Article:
Protect Earth's last wildernesses, $5 per acre

by Forever Wild
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Protect Earth's last wildernesses, $5 per acre
Protect Earth's last wildernesses, $5 per acre
Protect Earth's last wildernesses, $5 per acre
Protect Earth's last wildernesses, $5 per acre
Protect Earth's last wildernesses, $5 per acre
Protect Earth's last wildernesses, $5 per acre
Protect Earth's last wildernesses, $5 per acre
Protect Earth's last wildernesses, $5 per acre
Protect Earth's last wildernesses, $5 per acre
Protect Earth's last wildernesses, $5 per acre
Protect Earth's last wildernesses, $5 per acre
Protect Earth's last wildernesses, $5 per acre
Protect Earth's last wildernesses, $5 per acre
Protect Earth's last wildernesses, $5 per acre
Protect Earth's last wildernesses, $5 per acre
Protect Earth's last wildernesses, $5 per acre
Protect Earth's last wildernesses, $5 per acre
Protect Earth's last wildernesses, $5 per acre
Protect Earth's last wildernesses, $5 per acre
Protect Earth's last wildernesses, $5 per acre
Protect Earth's last wildernesses, $5 per acre
Protect Earth's last wildernesses, $5 per acre
Protect Earth's last wildernesses, $5 per acre
Protect Earth's last wildernesses, $5 per acre
Protect Earth's last wildernesses, $5 per acre
Protect Earth's last wildernesses, $5 per acre
Protect Earth's last wildernesses, $5 per acre
Protect Earth's last wildernesses, $5 per acre
Protect Earth's last wildernesses, $5 per acre
Protect Earth's last wildernesses, $5 per acre
Protect Earth's last wildernesses, $5 per acre
A granite rock in Western Australia
A granite rock in Western Australia

Yes, 1 million acres! By 2024 we are confident that we will have expanded our Western Deserts landscape to 1 MILLION ACRES. We have a number of strategies in play, including working towards acquiring another 560,000 acres and developing programs on adjacent land wilderness land.

We know that simply creating more protected areas is not good enough, and will also never be enough to manage our climate challenges. While they are definitely important the scale is limited and does not acknowledge that we all share one Earth.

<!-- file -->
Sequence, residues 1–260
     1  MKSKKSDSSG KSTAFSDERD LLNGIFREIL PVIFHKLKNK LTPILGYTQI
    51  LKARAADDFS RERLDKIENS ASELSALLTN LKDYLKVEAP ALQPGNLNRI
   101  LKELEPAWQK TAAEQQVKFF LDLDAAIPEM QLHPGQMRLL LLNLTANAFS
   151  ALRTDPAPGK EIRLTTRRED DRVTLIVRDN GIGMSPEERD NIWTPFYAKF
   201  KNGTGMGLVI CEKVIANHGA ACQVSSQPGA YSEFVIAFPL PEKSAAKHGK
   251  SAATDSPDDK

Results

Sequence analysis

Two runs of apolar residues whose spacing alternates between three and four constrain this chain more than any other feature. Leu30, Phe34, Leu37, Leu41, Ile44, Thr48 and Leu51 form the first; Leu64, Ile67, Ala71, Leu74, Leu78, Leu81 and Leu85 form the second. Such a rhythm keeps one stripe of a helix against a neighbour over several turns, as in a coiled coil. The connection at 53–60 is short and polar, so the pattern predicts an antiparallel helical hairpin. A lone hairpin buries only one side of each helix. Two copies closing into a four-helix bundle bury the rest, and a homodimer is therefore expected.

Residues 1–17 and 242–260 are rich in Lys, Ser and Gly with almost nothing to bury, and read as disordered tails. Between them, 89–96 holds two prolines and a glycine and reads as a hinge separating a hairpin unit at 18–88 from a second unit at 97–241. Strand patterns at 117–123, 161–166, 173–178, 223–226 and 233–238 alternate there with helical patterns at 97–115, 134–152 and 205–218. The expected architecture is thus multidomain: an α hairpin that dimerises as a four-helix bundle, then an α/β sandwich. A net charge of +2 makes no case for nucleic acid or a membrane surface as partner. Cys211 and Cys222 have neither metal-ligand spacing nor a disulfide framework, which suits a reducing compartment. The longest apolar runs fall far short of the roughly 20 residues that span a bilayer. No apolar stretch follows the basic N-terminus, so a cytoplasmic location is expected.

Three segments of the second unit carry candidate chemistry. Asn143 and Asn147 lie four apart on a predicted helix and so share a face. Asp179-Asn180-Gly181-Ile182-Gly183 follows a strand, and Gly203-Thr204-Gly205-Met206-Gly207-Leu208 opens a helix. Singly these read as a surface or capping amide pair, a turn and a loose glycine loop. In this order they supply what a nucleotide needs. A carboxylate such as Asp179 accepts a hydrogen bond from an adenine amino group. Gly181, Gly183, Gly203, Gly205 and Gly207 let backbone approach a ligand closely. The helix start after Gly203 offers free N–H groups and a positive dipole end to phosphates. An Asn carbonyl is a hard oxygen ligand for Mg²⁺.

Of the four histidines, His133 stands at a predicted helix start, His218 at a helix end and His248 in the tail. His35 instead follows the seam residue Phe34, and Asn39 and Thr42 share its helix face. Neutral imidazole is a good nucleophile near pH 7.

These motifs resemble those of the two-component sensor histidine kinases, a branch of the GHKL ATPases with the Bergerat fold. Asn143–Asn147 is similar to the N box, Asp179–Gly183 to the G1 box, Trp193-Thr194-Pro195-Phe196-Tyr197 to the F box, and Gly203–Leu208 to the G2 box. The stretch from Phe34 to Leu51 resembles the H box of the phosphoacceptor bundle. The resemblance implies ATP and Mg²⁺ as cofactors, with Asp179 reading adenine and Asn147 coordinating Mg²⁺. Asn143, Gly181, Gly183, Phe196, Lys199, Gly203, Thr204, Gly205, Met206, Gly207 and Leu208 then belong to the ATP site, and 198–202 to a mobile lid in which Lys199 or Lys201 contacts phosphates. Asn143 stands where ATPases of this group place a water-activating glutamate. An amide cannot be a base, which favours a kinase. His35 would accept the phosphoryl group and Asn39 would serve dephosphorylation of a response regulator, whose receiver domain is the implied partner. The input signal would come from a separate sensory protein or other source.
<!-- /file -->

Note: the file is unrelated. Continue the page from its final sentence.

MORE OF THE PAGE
Therefore, as a socio-environmental enterprise, a great deal of Forever Wild's focus is on creating positive feedback loops from wilderness to society as tools to protect those wilderness areas. Unless we scale up efforts in a way that explicitly identifies human society, local economies and the environment as components of a whole, we will not succeed. 

The granite rock above, photographed in the Western Deserts, is a superb example of the flow we need to create, even where the problem is hard to tackle! We all live here together, and we have no choice except to figure out how to create our own fully interconnected planet.

Thank you to all our donors We blend all donations with impact investment and so each $5 actually supports between 5 to 10 acres of wilderness!! Now THAT is making every dollar count.

Best wishes from the Forever Wild Team, Australia.

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A controlled fire on the reserve
A controlled fire on the reserve

Hello to all our supporters, and thank you once again for assisting us to achieve our goals.

We have written a lot on our large-scale Western Deserts landscapes, and by the next report we hope to have some very exciting news from that way. But Forever Wild also has a magnificent property in the tropical savannas of Northern Australia, This property is incredibly diverse, a mix of ancient savannah woodland, and large ephemeral wetlands and creeks. Fire and rain are the major ecological processes in this part of Australia. When the Wet Season arrives, usually in December or January, the shallow lakes fill and black swans arrive to breed. 

The invertebrate life is at its most spectacular at this time of year. Insects normally confined to the tree canopy or living in their juvenile stages become active as they search for mates, including giant stick insects nearly 20cm long! Brightly colored moths and small beetles crowd the lights at the main buildings at night, creating a feast for the geckos. Some larger ones appear too, and we collected (and released) the Rhinocerous Beetle in the photo a few days ago. He made a great ruckus while we tried to get photos and eventually we had to be content with a short video and a few screenshots.

It is incredibly rewarding to watch the Wetland reserve burst to life with the onset of the warm, tropical rains. These animals, great and small, share our Earth with us. They too have a right to life on this planet, and we must do everything we can to create landscapes where all species can live together. 

Happy New Year and best wishes from the Forever Wild team in Australia.

A Wet Season transformation
A Wet Season transformation
A Frilled Lizard hoping not be seen
A Frilled Lizard hoping not be seen
Still hoping not to be seen....
Still hoping not to be seen....
Rhinoceros beetle
Rhinoceros beetle
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Wildflower (eremophila)
Wildflower (eremophila)